BWW Review: MADAMA BUTTERFLY at Times Union Theater
Madama Butterfly by Giacomo Puccini is a beautiful show full of so much emotion and talent. The beautiful story, in which Miss Saigon is based on, is intriguing and heartbreaking leaving audience members to reflect on what they hold dear. A story of a young girl who believes in love so much she will do whatever it takes to keep a dying and one-sided marriage alive.
Act I opens with the marriage of B.F. Pinkerton, an American solider deployed in Japan, and Cio-Cio-San, referred to as Madama Butterfly. A union between two very different cultures. A materialistic American culture, focused on money, power, and success. A culture never satisfied until they are and have the best. Sharpless, the American consul, is astonished that Pinkerton is marrying a 15-year-old. The culture in which the two Americans are immersed shocks them. A culture that relies on the importance of tradition and family. Butterfly enters the wedding full of happiness and optimism. She believes in this marriage so much that she gives up her family, religion, and culture to adapt to Pinkerton's culture. In return, disowned from her own family.
Act II begins with warnings that Butterfly's marriage to Pinkerton is in trouble. However, she is still as optimistic as she was the day she married him. She refuses to believe he abandoned her. Goro, the marriage broker who arranged the marriage between Pinkerton and Butterfly, returns to arrange another marriage for Butterfly. She rejects the idea of marrying another man. Butterfly remains faithful in her marriage because she believes in her love for Pinkerton and that he will return to her soon. Sharpless returns to Japan to inform Butterfly that Pinkerton is returning to Japan, but he will not see her. He cannot find the way to explain it to her. Butterfly, blinded by love, does not make a connection that Sharpless is not there under good circumstances and begins to prepare for her husband's return. When he finally explains that Pinkerton is not coming back, Butterfly surprises him with their child. Sharpless is taken back that there is now a child involved in the mix. Butterfly tells Sharpless if Pinkerton does not intend to stay, he can come explain it to their son himself. Butterfly, still hopeful after seeing the ship Pinkerton returns on, begins to restore their home to its former appearance for him.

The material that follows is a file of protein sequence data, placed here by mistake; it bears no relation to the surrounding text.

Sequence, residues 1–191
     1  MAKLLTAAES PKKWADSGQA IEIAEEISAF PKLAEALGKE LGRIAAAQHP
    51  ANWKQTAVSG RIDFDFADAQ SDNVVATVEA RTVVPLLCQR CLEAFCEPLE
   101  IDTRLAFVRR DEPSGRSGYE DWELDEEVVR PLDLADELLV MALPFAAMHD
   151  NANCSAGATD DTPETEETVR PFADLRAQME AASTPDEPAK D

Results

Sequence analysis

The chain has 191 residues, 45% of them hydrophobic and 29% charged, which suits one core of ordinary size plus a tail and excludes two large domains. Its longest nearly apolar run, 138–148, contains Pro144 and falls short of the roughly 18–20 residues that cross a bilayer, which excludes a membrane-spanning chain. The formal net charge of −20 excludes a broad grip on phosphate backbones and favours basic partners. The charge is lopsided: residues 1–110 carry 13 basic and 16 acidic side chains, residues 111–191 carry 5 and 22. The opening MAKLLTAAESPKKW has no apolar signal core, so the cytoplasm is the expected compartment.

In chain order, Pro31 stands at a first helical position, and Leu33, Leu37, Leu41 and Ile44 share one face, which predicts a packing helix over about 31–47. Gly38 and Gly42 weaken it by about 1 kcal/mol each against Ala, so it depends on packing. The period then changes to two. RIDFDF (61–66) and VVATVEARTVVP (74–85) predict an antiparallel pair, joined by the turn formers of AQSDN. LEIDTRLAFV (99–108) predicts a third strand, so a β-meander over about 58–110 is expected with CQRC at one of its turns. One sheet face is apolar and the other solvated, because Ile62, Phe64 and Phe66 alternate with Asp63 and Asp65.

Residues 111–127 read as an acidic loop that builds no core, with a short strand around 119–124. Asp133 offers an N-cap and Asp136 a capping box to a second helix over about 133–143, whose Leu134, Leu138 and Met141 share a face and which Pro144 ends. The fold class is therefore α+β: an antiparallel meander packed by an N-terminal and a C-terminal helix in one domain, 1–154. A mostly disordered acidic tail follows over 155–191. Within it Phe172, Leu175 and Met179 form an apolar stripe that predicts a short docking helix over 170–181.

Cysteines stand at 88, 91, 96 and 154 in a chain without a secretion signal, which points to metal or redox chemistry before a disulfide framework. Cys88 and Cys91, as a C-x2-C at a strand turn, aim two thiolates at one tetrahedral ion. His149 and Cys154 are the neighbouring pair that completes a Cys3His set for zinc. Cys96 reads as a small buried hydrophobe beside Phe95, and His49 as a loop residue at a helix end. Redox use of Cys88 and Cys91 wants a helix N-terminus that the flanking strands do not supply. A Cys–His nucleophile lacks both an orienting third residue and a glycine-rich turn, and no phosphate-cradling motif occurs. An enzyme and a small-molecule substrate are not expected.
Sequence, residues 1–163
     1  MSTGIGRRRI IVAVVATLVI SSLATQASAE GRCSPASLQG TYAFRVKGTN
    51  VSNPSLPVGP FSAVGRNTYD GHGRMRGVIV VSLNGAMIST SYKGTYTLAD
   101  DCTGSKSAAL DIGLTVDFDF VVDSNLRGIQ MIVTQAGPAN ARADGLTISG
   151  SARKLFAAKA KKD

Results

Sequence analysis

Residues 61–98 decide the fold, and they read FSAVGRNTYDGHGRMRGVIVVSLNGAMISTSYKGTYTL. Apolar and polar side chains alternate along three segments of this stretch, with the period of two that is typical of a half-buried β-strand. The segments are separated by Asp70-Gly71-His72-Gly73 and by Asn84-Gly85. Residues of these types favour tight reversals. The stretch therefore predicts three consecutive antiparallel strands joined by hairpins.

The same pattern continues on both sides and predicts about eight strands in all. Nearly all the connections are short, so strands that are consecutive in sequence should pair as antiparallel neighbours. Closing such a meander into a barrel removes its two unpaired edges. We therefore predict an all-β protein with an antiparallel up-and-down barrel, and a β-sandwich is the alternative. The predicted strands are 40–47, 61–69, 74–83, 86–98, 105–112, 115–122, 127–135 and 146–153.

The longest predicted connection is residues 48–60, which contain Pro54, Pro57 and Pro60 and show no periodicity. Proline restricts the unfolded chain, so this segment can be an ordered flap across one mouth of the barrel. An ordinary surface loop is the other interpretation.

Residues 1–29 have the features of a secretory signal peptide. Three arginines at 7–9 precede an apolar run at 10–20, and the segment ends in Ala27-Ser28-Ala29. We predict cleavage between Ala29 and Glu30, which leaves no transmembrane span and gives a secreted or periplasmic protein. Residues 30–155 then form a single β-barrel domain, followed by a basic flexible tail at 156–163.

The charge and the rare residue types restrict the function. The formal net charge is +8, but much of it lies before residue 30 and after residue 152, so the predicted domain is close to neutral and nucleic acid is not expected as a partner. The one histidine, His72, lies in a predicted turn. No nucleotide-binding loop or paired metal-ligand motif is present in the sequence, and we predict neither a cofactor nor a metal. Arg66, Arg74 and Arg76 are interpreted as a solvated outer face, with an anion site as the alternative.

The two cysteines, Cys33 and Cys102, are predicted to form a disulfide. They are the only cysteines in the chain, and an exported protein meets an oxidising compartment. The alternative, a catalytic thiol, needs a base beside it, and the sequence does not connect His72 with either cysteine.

At the end of Act II, a prolonged entr'acte leads to Act III. This represents the waiting period in which Butterfly endured for the return of her husband. Suzuki, Butterfly's maid, orders her and the child to go rest until Pinkerton arrives. Suzuki goes outside the house to attend to her chores and sees Sharpless and Pinkerton. She is astonished and runs for Butterfly but is stopped by Pinkerton. He does not intend to see her but explains to Suzuki everything he wants Butterfly to know. Suzuki is taken back when she sees a woman in the garden. The woman is B.F. Pinketon's wife, Kate. The American wife he was always determined to have. Butterfly rushes to see her husband, but when she enters he is gone. Sharpless and Kate are still with Suzuki as Butterfly enters. Butterfly inquires who the woman is and Sharpless explains it is Pinkerton's wife and they are there to take the child back to America. Butterfly, heartbroken, agrees to this. She orders Suzuki to go play with her child outside, meanwhile she is planning her suicide. Butterfly's child enters, and she gives her final goodbye and explains how life will be better for him and to remember she never abandoned him. As the child leaves, Butterfly prepares to kill herself and follows through. As she is dying, Pinkerton enters to see his former wife has stabbed herself because of his doing.
All parts were beautifully and poignantly portrayed in the opera. The cast was amazingly talented and dedicated to their characters. As someone who has listened to the Miss Saigon soundtrack, I could not help making the connections of each character to its inspired character, and the story in which it was based.